Simplify Your Menu, Grow Your Success

Smaller, simpler menus boost both your profitability and operational efficiency.

Even in a pre-pandemic world, overly complicated menus had a habit of dragging down prep and ticket times, filling up precious space in your inventory, and even confusing your customers.

When the pandemic hit, takeout and delivery became the only way for restaurants to stay afloat. Operations had to trim down their menus to items that traveled well and wouldn’t burden understaffed kitchens. Now that the industry is returning to on-premise dining, smaller and more operationally-friendly menus still make sense in many locations.

For many operators, the issues of limited supply, labor shortages, and the ability to execute a dish for takeout or delivery meant focusing on smaller, simpler menus. Menu simplification is one of the most powerful tools to build profitability moving forward.

53% of consumers like the way restaurants have simplified their operations during the pandemic and would like to see those changes permanently.

Technomic Consumer Ominbus, November 2020.

Immediate cost-saving changes can include removing lower-margin menu items and increasing product versatility. Offering fewer choices also means less food waste and quicker prep times. This leads to more orders and faster table turn, which is especially important because sanitation procedures between customers can take precious time.

Remember, your menu is supposed to work for you – not the other way around. Here are some more things to consider as you take stock of your menu.

  • Determine guest favorites based on past sales performance over the past year, those are your menu must-haves!
    For takeout and delivery, modify recipes to improve their portability and traveling/holding time.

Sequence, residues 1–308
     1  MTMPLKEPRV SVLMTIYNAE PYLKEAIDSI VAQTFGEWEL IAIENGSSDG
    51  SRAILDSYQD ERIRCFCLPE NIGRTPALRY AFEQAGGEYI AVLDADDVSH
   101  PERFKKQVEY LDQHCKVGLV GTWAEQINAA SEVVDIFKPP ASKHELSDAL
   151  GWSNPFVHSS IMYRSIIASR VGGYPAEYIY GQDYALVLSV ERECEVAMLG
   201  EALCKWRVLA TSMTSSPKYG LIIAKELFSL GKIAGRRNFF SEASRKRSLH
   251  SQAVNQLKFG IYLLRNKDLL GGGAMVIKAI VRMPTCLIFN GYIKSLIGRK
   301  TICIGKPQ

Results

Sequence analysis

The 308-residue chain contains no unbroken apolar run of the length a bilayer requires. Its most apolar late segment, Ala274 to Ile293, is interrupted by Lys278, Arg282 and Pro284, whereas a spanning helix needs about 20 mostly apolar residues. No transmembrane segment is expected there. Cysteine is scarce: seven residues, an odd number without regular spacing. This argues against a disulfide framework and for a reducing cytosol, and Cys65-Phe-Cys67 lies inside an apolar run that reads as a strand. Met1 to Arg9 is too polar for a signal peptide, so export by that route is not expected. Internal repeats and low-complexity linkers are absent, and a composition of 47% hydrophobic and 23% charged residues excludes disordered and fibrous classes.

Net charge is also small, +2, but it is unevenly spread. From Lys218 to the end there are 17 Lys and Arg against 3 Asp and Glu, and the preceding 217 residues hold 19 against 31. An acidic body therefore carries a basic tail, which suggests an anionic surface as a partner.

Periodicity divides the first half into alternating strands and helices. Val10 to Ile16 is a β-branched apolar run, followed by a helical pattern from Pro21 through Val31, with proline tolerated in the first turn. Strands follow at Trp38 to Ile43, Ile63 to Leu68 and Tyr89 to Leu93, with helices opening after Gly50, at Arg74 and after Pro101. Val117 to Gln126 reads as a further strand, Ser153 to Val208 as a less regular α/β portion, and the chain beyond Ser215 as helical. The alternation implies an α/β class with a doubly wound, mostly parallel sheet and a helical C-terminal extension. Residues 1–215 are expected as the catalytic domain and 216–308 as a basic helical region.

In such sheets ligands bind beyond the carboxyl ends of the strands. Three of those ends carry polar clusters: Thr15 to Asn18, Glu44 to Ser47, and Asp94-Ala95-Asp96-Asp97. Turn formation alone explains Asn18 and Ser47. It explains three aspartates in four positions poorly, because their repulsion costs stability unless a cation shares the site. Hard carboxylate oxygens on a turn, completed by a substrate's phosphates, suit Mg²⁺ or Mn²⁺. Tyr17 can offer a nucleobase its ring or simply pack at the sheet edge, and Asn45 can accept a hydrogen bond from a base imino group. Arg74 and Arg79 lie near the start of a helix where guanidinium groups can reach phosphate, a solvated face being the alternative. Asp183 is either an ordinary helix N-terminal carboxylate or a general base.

• Adjust prices for the added expense of packaging and delivery.
  • Put a spotlight on items that you want to sell more of – give them prominent placement, highlight them with graphics, or create a new menu category like “Limited Time Menu.”
  • Utilize specials and limited-time offers to build variety, capitalize on seasonality, and test new concepts.
    Reduce or eliminate intricate menu items, both in terms of the number of ingredients and/or the labor and time it requires to produce them. On the other hand, be cautious of removing so many items that variety or your brand identity is compromised.
  • Speed up ticket times with items that are easy to prep and serve, such as hummus and pita chips or pre-made desserts.
  • Realize that many customers now have more compassion for restaurant owners, and may be more tolerant of inevitable price changes.
  • Evaluate pricing in terms of margin rather than strictly food cost. A steak dinner may have a higher food cost, but it typically generates more profit for you. You can also try tweaking the recipe or portion size to deliver better performance.

What the Experts Say

Mark Laux is a managing partner with HotOperator, the leading restaurant menu design-engineering firm in the United States. At Restaurant Marketing Symposium, part of the Midwest Foodservice Expo, Laux delivered some key insights on menu design engineering. You can view it here.

Laux reveals a Technomic research study found that the magic number of items in each category of your menu is seven; seven appetizers, seven entrees, seven desserts.

Have more than seven? Don’t panic, Mark recommends making sub-categories with three items. EX. A sub-category of appetizers could be flatbreads with three choices.

Offer too many menu options to diners and indecision can take over. Technology, Entertainment, Design (more commonly known as TED Talks) recently featured speaker Barry Schwartz in a presentation titled, “The Paradox of Choice: Why More Is Less.”

Schwartz points out that numerous possibilities “produces paralysis, rather than liberation,” he says. “With so many options to choose from, people find it difficult to choose at all.” View it for free here.

Our team of specialists is here to help you with menu engineering, design, costing, and everything in between. Ask your sales rep about the resources available to you.